— by special guest columnist Anthony Jasansky, P. Eng.
The growing influence China now has on the global economy can easily be seen through the increasing impact the Chinese stock market has on other global markets. Visual evidence of this can be observed by comparing the trend of Shanghai Composite against the S&P 500 over the last two years of trading. This period included one of the most devastating bear markets of the past 100 years, followed by a rebound of comparable historical extremes.
The Shanghai Composite and the S&P 500 made almost coincidental all-time tops in October 2007. Then, as the descent rate of the bear market accelerated, the Shanghai Composite became the “leader,” breaking to new lows ahead of the S&P 500. Composed of more speculative stocks, the Shanghai Composite percentage losses were also much larger.
This downside leadership came to an end on October 28, 2008, when the Shanghai Composite reached a two-year low, 73% below its October 2007 top. While the S&P 500 had not broken below its previous lows, it subsequently resumed the decline, making a new 12-year low on November 21, 2008. As we all know by now, the S&P 500 finally bottomed out in March 2009, five months after the Shanghai Composite hit bottom.
In hindsight, the Shanghai Composite has reestablished its leadership role for the subsequent market rally by bottoming five months ahead of the S&P 500 and other markets of developed countries. The Shanghai Composite’s rebound started early and led the S&P 500 higher.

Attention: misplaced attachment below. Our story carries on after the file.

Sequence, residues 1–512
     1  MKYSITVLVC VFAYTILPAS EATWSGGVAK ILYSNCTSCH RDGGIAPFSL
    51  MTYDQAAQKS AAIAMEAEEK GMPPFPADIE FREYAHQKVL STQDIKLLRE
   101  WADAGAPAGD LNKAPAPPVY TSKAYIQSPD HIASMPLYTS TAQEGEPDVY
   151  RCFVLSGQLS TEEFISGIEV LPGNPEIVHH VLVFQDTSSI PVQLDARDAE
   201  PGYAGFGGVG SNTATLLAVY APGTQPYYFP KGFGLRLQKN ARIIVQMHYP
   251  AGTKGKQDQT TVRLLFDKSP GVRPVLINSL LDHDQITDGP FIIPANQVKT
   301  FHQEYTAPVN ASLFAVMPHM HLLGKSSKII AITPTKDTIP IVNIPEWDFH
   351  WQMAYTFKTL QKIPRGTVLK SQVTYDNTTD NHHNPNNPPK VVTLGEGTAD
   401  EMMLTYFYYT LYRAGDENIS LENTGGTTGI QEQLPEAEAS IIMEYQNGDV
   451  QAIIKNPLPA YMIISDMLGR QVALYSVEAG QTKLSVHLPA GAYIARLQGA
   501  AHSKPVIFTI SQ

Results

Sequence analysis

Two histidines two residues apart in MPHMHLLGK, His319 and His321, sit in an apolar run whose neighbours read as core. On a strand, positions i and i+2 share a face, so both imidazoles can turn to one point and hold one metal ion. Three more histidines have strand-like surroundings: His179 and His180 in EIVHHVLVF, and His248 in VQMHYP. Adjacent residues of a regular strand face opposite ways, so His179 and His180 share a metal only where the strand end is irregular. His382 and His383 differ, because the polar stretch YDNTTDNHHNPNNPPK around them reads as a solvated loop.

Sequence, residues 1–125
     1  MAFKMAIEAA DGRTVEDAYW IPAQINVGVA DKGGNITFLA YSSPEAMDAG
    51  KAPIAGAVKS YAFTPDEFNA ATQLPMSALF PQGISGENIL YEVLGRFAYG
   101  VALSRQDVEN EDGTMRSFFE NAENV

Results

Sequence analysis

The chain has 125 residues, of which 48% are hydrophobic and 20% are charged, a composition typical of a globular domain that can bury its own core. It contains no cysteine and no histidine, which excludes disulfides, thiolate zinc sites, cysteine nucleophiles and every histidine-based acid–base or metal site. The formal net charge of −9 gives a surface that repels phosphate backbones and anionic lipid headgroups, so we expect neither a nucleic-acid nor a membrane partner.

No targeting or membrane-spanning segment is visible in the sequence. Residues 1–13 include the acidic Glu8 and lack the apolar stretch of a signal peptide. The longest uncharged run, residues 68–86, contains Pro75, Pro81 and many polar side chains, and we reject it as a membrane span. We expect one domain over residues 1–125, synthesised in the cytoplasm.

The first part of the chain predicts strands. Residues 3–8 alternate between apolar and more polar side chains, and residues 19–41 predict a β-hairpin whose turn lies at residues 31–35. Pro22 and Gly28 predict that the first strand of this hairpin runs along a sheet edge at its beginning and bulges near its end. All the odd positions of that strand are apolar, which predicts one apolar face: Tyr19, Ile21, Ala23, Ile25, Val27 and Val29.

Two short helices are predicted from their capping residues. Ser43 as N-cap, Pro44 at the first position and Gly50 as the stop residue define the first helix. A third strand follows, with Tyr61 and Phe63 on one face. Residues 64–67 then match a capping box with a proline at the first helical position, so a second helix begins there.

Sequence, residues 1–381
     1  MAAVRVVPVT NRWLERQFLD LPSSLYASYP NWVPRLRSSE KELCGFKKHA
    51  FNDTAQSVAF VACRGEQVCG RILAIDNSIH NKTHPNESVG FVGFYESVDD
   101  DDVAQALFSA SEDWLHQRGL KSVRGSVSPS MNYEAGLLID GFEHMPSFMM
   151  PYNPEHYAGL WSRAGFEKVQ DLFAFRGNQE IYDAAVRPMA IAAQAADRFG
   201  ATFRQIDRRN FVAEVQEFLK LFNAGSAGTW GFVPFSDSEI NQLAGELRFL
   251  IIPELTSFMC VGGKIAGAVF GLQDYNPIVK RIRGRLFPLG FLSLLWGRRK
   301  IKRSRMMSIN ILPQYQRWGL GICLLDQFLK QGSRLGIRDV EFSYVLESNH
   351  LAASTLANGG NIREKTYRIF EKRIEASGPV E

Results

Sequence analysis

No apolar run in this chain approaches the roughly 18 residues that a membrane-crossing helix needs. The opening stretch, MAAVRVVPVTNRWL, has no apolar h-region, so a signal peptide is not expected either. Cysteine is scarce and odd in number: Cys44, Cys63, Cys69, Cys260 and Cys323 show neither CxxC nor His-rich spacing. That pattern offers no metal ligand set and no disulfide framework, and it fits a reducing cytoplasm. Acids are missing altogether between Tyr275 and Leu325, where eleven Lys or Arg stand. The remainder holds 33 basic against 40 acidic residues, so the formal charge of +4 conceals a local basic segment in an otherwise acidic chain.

That brings me to the trading in the recent three weeks when the Shanghai Composite suffered a 20% setback, while the market indices of developed countries managed to eke out even further gains. While it is not certain that the Shanghai Composite will retain its trendsetting power, its dominant role in the last two years is worth taking into consideration at a time when the NYSE and the S&P 500 are grossly overextended and ripe for their own sizeable setbacks.
The consensus of the three groups of market indicators we track are currently at a “dead neutral” zero percent. That standing masks the sharp disparity in standing of the three groups. As normally expected for a group primarily composed of trend-following indicators, the Technical group is at a bullish +34%.
As I had noted on previous occasions, trading volumes have been suspect for much of this market rebound. In addition to “flash orders,” there are also days when trading in a handful of NYSE-listed “corporate welfare bums” (AIG, Bank of America, Citigroup, GM, etc.) can account for 25%-35% of the total NYSE trading volume and even for a large part of the upside volume.
Our second bullish group, at +60%, is composed of indicators that are based on various yield spreads. As long as the Federal Reserve can supply accommodative monetary policy for the credit markets, this group will continue to be “stuck” in a bullish mode.
In contrast, the heavily weighted Sentiment group (which measures how bullish or bearish market watchers are) is now at a very bearish -48%. Including mostly contrary indicators, its signals have a good track record in projecting upcoming market trend reversals. As a result, I expect rocky markets in September and October, two months with more than their fair share of large market sell-offs.